Before it was famous: Celebrating smartphone photography

Once again, Apple is inviting people to share their best photos in order to promote the abilities of the iPhone camera, and rightly so, it’s raised concern about giving credit where due.

In my opinion, both full credit and payment should be given. No question. Because while the iPhone camera is great, good photography (especially consistently good), is all about the eye behind the camera and practically nothing to do with the technology.

The case in point that comes to mind is – what must be the first ever ‘shot on camera phone’ ad campaign – the 2008 ad campaign for the ‘Samsung 8-megapixel Pixon camera phone‘.

This was not a good camera. Nor a good phone. But the project was super innovative for the time (2 years before instagram) and the choice of Nick Turpin was spot on. The photos from his month away were fantastic, and still hold up today I think, even if the website design and video editing have dated rather poorly.

Read and see more about the project here. View some of the project on Nick’s Flickr, for however long that lasts.

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Not always useful, but not altogether useless

99% Invisible, Mini Stories Vol 5 just reminded me of Chindogu. Irreverent objects that are designed to be all but useless, while also humerus and perhaps a little thought provoking. Like these classics:

In turn, this reminded me of the RuckJack, which is a jacket, that turns into a bag. Or a bag, that turns into a jacket.

Give it a moment. Think for a while about the RuckJack and try to imagine scenarios where it would be useful.

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How did you get on? Personally I’m still at a loss for any real world scenario where having a RuckJack would be useful, beyond a Chindogu level of usefulness.

Bonus fact from the 99PI story: The selfie stick was invented in the 90s as a Chindogu.

Economics is like astrology

Anyway, that’s a large part of what economics is—people arbitrarily, or as a matter of taste, assigning numerical values to non-numerical things. And then pretending that they haven’t just made the numbers up, which they have. Economics is like astrology in that sense, except that economics serves to justify the current power structure, and so it has a lot of fervent believers among the powerful.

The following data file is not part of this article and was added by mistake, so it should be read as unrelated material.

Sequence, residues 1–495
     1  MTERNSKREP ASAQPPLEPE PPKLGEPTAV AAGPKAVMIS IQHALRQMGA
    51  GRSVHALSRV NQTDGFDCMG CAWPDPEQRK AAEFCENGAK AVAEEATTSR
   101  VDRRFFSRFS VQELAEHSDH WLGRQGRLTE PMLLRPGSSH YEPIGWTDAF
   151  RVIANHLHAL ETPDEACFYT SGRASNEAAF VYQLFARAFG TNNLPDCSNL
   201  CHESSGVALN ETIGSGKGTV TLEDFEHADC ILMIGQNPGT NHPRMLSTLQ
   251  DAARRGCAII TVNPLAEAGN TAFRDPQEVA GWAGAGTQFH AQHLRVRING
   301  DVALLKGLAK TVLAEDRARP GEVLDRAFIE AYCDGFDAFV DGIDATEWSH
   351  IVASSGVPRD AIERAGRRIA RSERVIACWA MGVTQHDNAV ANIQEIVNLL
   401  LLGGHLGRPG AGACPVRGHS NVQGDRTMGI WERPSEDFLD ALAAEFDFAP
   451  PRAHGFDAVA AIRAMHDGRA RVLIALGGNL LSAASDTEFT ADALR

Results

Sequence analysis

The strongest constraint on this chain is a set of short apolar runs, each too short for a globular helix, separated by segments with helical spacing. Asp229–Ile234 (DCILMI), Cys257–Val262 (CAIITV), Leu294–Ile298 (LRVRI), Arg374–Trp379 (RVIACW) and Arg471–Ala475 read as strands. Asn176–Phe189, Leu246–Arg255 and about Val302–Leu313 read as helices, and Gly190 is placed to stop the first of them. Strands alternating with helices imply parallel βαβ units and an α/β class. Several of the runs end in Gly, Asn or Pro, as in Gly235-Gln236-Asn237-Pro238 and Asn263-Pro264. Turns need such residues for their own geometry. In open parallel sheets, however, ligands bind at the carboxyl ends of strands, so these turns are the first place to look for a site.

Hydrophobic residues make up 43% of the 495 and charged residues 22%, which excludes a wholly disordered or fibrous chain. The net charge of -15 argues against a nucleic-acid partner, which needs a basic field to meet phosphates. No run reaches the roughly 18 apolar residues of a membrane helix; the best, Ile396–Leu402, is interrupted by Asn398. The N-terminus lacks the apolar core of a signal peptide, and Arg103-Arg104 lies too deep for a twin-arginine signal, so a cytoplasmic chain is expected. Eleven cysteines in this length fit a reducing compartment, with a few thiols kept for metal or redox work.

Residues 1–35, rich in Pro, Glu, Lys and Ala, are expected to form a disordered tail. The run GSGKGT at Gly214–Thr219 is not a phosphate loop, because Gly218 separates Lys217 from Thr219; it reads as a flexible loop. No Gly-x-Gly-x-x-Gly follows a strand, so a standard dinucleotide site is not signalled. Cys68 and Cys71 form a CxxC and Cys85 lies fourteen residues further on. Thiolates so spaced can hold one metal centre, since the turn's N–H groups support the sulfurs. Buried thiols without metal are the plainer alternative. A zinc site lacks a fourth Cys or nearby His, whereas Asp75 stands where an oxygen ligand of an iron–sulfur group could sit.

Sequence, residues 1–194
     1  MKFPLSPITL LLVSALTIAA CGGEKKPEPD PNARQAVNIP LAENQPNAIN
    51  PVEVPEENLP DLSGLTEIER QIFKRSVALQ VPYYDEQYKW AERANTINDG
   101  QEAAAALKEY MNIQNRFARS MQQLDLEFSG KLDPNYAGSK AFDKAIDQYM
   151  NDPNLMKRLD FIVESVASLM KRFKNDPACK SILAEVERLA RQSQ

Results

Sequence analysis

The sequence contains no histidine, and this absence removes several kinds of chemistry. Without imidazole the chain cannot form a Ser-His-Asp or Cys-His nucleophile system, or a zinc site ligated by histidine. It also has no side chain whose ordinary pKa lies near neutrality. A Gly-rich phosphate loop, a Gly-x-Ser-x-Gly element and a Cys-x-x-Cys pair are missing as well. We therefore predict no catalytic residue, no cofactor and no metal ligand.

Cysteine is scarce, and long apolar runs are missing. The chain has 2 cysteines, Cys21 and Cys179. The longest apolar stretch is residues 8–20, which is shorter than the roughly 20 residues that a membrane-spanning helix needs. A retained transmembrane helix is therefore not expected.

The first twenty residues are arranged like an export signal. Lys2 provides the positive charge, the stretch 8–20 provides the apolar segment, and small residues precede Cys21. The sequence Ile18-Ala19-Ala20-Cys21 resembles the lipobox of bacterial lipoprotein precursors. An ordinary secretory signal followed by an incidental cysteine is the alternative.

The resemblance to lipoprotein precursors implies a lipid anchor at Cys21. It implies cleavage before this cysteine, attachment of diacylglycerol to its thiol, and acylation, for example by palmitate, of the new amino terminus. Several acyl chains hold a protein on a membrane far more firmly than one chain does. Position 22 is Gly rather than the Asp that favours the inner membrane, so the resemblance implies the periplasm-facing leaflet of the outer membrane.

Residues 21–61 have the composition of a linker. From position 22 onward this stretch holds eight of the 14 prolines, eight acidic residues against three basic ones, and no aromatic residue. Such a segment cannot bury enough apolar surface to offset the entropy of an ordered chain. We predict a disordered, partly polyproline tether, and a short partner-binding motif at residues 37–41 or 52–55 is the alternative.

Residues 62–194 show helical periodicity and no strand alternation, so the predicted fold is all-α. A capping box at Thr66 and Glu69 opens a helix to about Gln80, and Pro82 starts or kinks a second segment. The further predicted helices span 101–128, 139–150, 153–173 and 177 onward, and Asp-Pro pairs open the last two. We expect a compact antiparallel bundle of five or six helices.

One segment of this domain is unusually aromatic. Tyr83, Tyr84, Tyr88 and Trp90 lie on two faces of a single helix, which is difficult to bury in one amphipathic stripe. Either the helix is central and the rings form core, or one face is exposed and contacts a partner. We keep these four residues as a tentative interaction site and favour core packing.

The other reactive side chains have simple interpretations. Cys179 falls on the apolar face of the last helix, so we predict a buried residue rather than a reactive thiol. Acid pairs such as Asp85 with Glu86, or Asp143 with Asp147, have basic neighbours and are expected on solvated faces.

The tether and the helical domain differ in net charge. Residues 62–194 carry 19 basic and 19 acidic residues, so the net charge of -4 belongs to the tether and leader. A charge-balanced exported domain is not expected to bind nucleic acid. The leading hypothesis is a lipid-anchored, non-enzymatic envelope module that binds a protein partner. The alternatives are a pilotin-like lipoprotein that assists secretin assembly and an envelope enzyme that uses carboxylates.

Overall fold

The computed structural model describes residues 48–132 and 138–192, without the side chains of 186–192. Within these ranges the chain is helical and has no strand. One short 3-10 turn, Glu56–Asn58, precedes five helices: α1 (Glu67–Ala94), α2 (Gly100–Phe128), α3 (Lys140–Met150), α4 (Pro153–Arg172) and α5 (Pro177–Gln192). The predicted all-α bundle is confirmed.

This short musing amused me in Red Mars today. Also, one of those fourth wall breaking bits in a book, where the authors own opinions seem to pour out.

The differences between piston and rotary engines

I’d never heard of a rotary engine before today. Saw an interesting cross section of one somewhere and just through it was interesting. Searched, read a bit, and then found this:

I love discovering things that I don’t know. And especially like this, when I wager there are millions of people that know this subject inside out, and who would likely be dumbfounded that I’d never heard of rotary engines before.

There’s something comforting about discovering your own ignorance of a largely know subject. Like there’s always more to the world than you realise. More to learn and more to rely on each other for. Can’t do or learn it all alone.

Signs without an audience

Who is this sign for? Someone that’s likely to run up or down the stairs at a train station – a place where people tend to rush and run – but someone that’s also going to read and take heed of a coddling health and safety sign:

Would love to know the story behind it. Who said it was needed. Who they thought it was for. What risks exist without it, and what stats exist to suggest it will help.

Surprising book companions: Red Mars and The Woodland Year

Unrelatedly over New Year, I started rereading Red Mars (first part of a sci-fi trilogy about the colonisation and terraformation of Mars), at the same time as The Woodland Year (a condensed yet very informative guide for managing woodland in the UK, by the inspiringly talented woodsman Ben Law), and I’m finding that they actually share a great deal from a sustainability, bioengineering / biodiversity point of view.

Can’t quite figure if it’s coincidence or unconscious planning. Either way, a nice little pairing. Recommended.

Website workarounds and hacks

At first glance, I figured primeurn5.co.uk was a fairly poor website (for a lovely restaurant, so I’m told).

The homepage looks broken. Events page is actually broken I think. Map page has a tiny illegible image of a map, that links out to Google Maps. No idea what Western Laundry is. No sign of  email or contact details. And then there’s the menu page, with one sentence, “Click here to see our daily menu”, which links to their Instagram, where they post photos of their blackboard menu.

What a great workaround for a popular and busy little local restaurant. Why waste time or try even to make time, to update their website daily, or create and upload PDFs. So simple and effective, and, streamed daily into the Instagram feeds of their seemingly substantial fanbase.

Examples like this convince me more and more that websites are becoming a rather niche and forgotten platform. Still kind of essential for a business, but more in a meta data kind of way. Simply for SEO purposes, so Google can crawl it, and display the info themselves.

On reflection then, I think the website is kind of perfect. Fit for use. Enabled me to book at least. What more could a webpage genuinely do for them?

The Art of the Error Message

Further to the last post. Form design is a boring area for many, but the opportunity to do great design that people (won’t realise that they) love and appreciate, is huge. No idea if The Art of the Error Message from Spotify rings true to their own error messages (I don’t use it), but it bodes well if so.